Note: Iron balance is a tricky thing. Although being anemic is dangerous, people with too much blood-iron are also at risk too. Consult your doctor if you believe your iron level is not quite right (for 12 signs that you may have this problem see here), or if you drastically alter the amount of iron in your diet.
Here are 10 natural remedies you can start using to improve your blood's level of iron:
1. Add lean meats to your diet
Though you may expect to hear that vegetables offer more iron goodness than meat like red meat, poultry and fish, the story is much more complicated. Meaty iron is a type known as 'heme iron', which can be absorbed quite well by humans so that we get enough iron in our diet. So, if you are a little low in your iron levels, add some meats to your daily menu, because leafy greens do not contain heme iron; the iron they contain is not very well absorbed by humans and mostly goes to waste.
2. Steam vegetables more frequently
Steaming is much better than boiling or roasting vegetables when it comes to increasing their iron's bio-availability. Make this a new healthy habit. Steamed vegetables beside a nice plate of fish or meat will be a great way to maximize your iron intake.
3. Get plenty of vitamin C
Whether you take supplements or eat vitamin C rich foods like red (or yellow) bell-peppers, you need a good amount of vitamin C in your diet to allow your intestines to better absorb iron from your meal. So, for example, when making your main meal of the day, steam some chopped red peppers to go with your veggies. The ascorbic properties of the peppers will make sure your intestines are ready for the irony goodness.
4. Make sure you get enough vitamin B
There are plenty of reasons to enjoy more vitamin B in your diet, and in regards to blood iron here are a couple more. B-9 and B-12 can prevent and even reverse iron deficiency. The former you can find in food such as oranges, avocados, legumes and dark leafy greens. The latter is available from already iron rich red meat, poultry and fish.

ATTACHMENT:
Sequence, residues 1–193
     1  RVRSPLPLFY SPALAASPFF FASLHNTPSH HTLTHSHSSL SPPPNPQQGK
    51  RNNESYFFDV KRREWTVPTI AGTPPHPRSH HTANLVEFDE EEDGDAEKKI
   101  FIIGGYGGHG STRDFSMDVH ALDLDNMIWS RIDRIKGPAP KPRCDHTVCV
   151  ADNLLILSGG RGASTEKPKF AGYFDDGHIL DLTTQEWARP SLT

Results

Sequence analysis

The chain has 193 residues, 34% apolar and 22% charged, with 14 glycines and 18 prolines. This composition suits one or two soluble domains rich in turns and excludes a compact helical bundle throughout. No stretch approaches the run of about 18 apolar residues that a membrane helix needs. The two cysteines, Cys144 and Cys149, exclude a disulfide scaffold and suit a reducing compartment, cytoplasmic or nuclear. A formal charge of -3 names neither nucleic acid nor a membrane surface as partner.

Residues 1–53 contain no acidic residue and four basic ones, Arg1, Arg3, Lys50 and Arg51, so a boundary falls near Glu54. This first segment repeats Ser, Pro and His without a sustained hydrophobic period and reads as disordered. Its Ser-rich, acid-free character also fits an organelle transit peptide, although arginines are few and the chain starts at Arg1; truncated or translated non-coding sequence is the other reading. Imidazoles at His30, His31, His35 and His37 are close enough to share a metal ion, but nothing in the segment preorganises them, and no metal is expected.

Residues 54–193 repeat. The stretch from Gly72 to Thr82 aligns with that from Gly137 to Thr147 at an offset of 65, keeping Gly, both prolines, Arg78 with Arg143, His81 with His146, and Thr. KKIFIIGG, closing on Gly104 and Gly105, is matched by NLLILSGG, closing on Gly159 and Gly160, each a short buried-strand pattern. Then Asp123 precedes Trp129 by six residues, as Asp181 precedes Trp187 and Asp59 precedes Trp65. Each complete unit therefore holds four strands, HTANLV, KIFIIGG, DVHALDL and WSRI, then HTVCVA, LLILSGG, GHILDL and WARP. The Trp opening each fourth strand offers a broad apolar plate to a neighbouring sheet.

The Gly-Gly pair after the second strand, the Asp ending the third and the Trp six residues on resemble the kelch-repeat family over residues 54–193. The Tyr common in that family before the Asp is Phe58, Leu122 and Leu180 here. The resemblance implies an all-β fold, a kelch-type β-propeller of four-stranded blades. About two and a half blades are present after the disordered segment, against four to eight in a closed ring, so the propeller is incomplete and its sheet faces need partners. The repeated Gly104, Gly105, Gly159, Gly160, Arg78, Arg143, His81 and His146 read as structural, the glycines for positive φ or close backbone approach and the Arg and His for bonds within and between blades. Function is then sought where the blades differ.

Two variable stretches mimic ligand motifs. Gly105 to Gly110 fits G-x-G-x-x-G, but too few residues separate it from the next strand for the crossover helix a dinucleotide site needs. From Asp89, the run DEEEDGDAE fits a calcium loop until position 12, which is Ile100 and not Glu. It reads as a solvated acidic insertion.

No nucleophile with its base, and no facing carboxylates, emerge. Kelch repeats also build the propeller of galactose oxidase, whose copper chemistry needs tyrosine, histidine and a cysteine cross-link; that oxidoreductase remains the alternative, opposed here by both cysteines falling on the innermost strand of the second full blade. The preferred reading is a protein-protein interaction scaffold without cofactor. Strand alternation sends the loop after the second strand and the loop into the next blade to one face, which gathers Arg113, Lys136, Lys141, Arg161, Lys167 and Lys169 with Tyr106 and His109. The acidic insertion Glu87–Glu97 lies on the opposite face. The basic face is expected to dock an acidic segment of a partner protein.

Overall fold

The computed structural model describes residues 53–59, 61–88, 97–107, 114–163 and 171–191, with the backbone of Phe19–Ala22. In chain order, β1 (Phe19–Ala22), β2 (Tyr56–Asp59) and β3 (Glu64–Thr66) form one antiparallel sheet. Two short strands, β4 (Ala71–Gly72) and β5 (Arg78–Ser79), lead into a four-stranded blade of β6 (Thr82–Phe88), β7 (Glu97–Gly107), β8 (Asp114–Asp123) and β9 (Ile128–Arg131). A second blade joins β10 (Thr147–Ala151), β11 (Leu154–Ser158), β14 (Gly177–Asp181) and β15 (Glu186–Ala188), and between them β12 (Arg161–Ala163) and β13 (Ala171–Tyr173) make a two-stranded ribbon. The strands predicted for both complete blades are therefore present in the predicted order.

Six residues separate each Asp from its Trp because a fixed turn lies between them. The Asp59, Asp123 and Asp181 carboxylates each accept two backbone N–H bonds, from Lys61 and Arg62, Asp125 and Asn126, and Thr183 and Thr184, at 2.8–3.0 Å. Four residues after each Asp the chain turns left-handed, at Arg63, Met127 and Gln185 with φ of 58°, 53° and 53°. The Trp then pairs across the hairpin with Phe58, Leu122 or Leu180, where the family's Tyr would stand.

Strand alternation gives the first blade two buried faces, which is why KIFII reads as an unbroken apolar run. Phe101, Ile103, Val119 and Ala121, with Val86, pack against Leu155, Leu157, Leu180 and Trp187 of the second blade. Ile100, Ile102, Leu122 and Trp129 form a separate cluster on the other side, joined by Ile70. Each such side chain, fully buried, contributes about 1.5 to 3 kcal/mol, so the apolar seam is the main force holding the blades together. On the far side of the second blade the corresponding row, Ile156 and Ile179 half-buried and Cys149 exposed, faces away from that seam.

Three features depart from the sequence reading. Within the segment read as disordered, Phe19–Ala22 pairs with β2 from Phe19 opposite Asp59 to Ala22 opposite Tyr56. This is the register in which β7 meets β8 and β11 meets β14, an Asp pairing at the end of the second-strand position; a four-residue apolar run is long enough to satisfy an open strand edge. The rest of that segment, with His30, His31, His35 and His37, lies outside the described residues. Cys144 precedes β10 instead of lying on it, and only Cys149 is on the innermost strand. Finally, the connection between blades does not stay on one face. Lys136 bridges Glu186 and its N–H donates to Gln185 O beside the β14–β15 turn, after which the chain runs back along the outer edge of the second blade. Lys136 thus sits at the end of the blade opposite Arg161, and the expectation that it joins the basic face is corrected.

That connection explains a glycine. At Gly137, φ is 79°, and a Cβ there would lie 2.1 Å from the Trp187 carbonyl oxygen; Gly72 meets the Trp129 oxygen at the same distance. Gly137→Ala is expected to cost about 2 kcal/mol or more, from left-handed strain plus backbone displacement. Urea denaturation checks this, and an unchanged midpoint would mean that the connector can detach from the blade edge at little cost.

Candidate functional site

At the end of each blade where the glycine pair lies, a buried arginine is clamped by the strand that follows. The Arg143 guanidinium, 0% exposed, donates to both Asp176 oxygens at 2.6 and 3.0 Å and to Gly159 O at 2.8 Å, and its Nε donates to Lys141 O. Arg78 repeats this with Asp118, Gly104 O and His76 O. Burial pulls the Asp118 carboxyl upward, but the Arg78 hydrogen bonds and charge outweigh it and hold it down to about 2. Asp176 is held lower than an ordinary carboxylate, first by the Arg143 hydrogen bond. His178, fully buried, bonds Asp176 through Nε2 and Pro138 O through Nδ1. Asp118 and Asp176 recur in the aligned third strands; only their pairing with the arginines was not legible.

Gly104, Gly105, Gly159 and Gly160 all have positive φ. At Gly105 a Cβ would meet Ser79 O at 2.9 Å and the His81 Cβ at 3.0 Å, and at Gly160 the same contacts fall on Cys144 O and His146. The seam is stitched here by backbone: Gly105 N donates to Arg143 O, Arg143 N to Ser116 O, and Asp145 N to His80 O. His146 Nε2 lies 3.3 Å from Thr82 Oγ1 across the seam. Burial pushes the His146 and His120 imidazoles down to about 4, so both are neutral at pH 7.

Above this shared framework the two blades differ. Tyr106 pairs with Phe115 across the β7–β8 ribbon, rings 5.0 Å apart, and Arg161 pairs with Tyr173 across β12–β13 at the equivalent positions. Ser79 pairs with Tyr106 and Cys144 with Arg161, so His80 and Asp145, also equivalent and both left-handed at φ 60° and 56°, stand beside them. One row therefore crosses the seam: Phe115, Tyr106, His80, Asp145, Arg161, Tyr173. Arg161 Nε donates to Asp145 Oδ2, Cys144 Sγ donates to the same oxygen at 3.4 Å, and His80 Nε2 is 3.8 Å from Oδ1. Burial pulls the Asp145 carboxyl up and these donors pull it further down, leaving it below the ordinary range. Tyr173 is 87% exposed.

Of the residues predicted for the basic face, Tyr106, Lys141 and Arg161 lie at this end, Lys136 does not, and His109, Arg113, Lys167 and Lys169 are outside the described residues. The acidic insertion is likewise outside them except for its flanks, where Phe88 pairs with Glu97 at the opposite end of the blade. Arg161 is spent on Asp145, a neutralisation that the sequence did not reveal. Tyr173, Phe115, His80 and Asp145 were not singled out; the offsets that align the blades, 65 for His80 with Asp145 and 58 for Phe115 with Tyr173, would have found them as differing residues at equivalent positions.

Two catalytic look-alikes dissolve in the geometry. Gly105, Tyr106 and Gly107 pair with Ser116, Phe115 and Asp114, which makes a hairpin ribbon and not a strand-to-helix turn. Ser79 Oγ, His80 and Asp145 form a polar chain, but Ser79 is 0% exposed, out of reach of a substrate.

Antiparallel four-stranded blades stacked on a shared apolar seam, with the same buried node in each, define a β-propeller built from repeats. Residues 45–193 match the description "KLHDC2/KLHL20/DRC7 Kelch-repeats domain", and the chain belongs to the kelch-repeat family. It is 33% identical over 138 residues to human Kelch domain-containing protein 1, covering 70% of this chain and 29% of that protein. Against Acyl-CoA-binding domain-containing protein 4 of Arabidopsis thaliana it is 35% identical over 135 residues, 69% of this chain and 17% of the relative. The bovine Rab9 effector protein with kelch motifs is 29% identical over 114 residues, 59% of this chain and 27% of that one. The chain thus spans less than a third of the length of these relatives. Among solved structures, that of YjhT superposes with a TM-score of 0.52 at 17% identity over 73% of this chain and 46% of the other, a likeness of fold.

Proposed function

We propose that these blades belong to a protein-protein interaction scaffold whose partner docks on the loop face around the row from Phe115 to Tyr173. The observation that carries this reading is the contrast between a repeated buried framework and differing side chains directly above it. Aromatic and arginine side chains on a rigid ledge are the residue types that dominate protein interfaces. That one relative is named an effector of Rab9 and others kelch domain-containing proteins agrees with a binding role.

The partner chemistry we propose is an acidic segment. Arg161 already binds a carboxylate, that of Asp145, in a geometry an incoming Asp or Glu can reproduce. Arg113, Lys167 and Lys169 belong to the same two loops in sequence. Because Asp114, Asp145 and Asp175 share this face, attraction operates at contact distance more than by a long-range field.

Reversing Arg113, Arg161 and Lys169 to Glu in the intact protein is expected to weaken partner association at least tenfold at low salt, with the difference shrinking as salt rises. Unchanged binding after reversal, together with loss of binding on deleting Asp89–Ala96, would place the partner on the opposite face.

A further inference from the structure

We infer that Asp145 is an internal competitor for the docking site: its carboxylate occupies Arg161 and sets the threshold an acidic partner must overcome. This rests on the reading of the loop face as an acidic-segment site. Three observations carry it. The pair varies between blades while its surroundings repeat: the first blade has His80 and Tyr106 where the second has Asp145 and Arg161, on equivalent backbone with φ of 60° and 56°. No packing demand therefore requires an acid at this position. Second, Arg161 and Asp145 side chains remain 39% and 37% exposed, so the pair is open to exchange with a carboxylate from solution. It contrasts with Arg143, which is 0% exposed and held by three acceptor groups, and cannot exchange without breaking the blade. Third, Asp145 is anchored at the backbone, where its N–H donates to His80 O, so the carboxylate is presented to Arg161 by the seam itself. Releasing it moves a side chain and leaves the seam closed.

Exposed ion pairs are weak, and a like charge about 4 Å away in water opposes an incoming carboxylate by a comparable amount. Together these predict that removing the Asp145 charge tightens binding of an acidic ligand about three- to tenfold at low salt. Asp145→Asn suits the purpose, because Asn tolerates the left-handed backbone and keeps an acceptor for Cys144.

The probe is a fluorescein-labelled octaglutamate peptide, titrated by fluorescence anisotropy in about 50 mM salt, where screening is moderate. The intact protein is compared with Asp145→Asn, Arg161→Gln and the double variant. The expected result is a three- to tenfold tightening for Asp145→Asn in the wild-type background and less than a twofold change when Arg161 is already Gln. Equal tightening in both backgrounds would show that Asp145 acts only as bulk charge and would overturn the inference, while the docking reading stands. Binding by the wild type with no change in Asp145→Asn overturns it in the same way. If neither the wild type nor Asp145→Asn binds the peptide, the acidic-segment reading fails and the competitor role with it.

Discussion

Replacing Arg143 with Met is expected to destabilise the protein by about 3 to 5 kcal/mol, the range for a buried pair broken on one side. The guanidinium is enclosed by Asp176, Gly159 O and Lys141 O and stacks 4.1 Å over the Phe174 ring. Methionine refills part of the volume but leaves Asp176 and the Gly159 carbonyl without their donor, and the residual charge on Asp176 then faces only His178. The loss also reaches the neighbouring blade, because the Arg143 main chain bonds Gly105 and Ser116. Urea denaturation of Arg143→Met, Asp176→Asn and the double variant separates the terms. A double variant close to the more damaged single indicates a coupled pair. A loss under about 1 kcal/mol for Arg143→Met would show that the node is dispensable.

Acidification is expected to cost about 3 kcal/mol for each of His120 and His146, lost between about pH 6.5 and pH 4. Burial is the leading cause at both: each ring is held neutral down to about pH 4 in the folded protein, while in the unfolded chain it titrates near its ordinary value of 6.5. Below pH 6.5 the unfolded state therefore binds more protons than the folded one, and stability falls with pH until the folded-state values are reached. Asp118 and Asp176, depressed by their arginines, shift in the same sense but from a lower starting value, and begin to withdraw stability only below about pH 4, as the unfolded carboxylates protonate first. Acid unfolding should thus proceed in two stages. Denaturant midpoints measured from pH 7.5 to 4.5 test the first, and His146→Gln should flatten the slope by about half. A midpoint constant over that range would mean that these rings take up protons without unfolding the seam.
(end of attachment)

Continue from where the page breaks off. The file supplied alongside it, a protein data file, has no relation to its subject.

5. Beware of inhibitors
Here are some inhibitors you need to watch out for, because instead of facilitating your body’s absorption of iron, these actually prevent your digestive system from doing so, for one reason or another. Other minerals compete with iron for absorption, such as copper, zinc, magnesium and calcium. Also, phytic acid can bind itself to iron, leading it to carry the iron from the system without being digested. Phytic acid is often found in vegetables, legumes and grains.
Foods that are high in fiber also have the same unfortunate effect of causing iron to pass through the digestive system intact and wasted. Finally you should be aware that tannic acid also operates as an iron-inhibitor and this is frequently used in alcoholic drinks such as beer and wine, and soft drinks like juices and fizzy sodas.
6. Keep away from antacids
For the above reason you should also steer clear of antacids if you wish to remedy a lack of blood iron. Antacid tablets contain a large amount of magnesium and calcium, which as we have seen, act as inhibitors of iron.
7. Stay clear of cigarette smoke
Cigarettes are not recommended by anyone anymore, so you'll not be very surprised to hear that cutting down on active and passive smoking can provide a boost to your blood's iron levels. Smoking depletes your nutrient levels and also effects your iron ratio too. So, there's another good reason to stop smoking, and an extra special reason for you to go out of your way to avoid smokers.
Iron is not easy for your digestive tract to absorb, and usually you can only expect an absorption rate of 20%, meaning 80% of your iron intake will go to waste. So to make sure you receive as much of this 20% as you can, you will need to do your best to maintain a healthy digestive system. Some things you can do include:
- Take probiotics;
- Eat your meals regularly;
- Do plenty of exercise;
- Stay away from exceedingly greasy foods;
- Drink lots of filtered, pure water;
- Get plenty of fiber in your diet (soluble and insoluble).
9. Give blackstrap molasses a try
This natural sweetener is well worth a try if you are not already aware of its benefits. Molasses contains plenty of iron, and is high in folic acid and vitamin B. These are some of the best things for helping out with anemia and red blood cell production.
10. Make use of cast-iron cookware
This is a great tip if you didn't previously realize what a difference the type of cookware you use can make to the nutrient content of a meal. The benefit of using cast-iron is very simple. The longer you cook something in such a pan, the more iron will be absorbed by the food from the pan. This can be especially useful when thinking about foods that are somewhat acidic in nature, such as dairy products, cheese, olive oil and tomatoes.